In regard to business affairs, two parties can get into a legal relationship of trust called a fiduciary relationship. This often arises when one party will take on a responsibility to act in the best interest of the other party. This could be; employee to employer, corporate to shareholders, partners to one another and major shareholders to minor shareholders. If you work in a specific company you may also have a fiduciary relationship with your clients, Lawyers and estate agents being examples.

Common ways in which a Fiduciary duty is breached are:

  • Conflict of interest
  • Misusing funds
  • Illegal activity (such as fraud)
  • Correct accounting failing to be provided
  • Material facts not being disclosed and self-dealing.

For a fiduciary case to be brought into court under business law, the plaintiff must show that the fiduciary acted in bad faith or had their personal interests in mind.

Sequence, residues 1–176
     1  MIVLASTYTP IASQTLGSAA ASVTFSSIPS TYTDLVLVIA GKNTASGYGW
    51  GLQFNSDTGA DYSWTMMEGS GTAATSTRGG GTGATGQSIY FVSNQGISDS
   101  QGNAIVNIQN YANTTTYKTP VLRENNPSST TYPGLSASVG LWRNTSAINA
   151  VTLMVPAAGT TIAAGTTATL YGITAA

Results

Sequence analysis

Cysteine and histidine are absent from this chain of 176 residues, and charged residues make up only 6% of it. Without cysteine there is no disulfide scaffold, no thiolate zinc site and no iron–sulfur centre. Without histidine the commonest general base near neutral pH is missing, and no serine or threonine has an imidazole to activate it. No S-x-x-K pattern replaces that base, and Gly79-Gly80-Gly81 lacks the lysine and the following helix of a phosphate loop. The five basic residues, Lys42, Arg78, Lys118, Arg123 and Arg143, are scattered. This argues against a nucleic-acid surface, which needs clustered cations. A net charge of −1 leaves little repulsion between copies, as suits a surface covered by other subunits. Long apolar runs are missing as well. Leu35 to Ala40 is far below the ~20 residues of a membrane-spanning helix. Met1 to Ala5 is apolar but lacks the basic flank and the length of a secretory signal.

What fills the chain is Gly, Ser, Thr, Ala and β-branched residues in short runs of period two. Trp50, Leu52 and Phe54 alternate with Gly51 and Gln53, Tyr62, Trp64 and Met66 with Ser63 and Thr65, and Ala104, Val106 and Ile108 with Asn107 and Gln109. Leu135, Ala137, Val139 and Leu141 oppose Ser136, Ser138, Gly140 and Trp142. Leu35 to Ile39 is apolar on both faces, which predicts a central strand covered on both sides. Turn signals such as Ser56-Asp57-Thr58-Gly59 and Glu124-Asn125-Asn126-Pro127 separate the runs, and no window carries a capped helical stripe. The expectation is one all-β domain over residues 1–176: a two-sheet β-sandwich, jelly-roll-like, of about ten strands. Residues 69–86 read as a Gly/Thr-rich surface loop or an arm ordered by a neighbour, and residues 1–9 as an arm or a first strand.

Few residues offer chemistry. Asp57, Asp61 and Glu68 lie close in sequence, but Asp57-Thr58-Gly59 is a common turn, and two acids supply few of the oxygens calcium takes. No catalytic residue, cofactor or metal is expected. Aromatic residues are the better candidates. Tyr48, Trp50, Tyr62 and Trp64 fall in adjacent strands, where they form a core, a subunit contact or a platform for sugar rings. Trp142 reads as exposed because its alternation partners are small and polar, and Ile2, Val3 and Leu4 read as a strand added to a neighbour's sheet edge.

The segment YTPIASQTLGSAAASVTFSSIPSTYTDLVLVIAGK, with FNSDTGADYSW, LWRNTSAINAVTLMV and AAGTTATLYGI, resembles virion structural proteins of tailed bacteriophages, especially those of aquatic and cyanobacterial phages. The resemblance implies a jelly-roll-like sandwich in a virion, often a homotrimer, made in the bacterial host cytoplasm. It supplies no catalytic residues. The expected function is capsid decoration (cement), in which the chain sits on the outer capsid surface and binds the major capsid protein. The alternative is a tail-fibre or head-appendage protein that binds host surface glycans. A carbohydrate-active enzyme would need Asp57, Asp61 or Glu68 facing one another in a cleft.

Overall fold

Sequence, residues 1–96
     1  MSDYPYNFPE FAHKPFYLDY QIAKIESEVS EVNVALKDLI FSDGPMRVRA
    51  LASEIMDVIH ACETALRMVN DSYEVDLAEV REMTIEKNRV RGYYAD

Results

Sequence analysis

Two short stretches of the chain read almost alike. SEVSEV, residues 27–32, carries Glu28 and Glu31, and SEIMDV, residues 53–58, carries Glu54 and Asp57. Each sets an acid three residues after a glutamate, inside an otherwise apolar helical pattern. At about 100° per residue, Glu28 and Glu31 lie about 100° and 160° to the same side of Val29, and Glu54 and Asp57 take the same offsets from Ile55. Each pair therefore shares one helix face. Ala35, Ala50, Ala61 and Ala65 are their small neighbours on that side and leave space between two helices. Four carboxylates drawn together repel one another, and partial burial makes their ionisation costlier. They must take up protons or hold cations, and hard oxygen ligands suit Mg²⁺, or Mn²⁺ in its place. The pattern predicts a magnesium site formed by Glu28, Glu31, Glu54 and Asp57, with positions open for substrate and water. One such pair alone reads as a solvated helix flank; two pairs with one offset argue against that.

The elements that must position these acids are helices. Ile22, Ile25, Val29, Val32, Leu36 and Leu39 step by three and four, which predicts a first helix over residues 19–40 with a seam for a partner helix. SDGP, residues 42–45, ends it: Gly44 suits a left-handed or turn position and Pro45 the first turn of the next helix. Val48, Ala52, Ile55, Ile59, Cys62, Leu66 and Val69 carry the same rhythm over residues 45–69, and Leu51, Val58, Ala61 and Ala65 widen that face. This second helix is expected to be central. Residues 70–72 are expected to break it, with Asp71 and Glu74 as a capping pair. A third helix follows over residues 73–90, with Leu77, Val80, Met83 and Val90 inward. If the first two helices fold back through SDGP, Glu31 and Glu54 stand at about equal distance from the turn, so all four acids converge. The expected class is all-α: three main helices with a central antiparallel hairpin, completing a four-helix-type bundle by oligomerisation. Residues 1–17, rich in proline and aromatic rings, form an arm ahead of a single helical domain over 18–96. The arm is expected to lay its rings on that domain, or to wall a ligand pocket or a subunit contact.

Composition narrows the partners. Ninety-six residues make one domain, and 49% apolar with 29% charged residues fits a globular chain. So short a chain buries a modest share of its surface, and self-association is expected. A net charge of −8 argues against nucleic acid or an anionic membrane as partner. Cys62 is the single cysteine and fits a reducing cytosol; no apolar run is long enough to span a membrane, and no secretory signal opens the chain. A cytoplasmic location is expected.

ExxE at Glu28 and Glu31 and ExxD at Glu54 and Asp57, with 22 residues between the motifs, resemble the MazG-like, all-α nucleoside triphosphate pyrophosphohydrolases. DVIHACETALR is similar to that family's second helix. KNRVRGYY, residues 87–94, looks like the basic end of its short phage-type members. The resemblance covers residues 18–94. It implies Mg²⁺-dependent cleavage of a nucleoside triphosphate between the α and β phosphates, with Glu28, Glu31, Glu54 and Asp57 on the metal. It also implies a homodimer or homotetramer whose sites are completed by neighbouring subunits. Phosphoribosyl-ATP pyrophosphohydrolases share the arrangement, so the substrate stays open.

Fraud

Fraud is a deceptive action that intentionally provides the party committing the fraud with unlawful gain. This is done by a representation of facts that are knowingly false to gain access to something that is not provided without the fraudulent act. Within business law, it can fall under many different categories and can be committed by one or both parties. Some types of fraud can include:

  • Tax
  • Bankruptcy
  • Credit Card
  • Wire
  • Insurance
  • Cooking the books
  • Identity theft

These are only a few types of where fraud can take place within a business. The site below is the official Government Website stating the Fraud Act 2006. This site shows all the types of fraud that can take place.

Business fraud litigation can result in:

  • Reputation Damages
  • Monetary Damages
  • Disgorgement
  • Injunctive Relief

Employment Disputes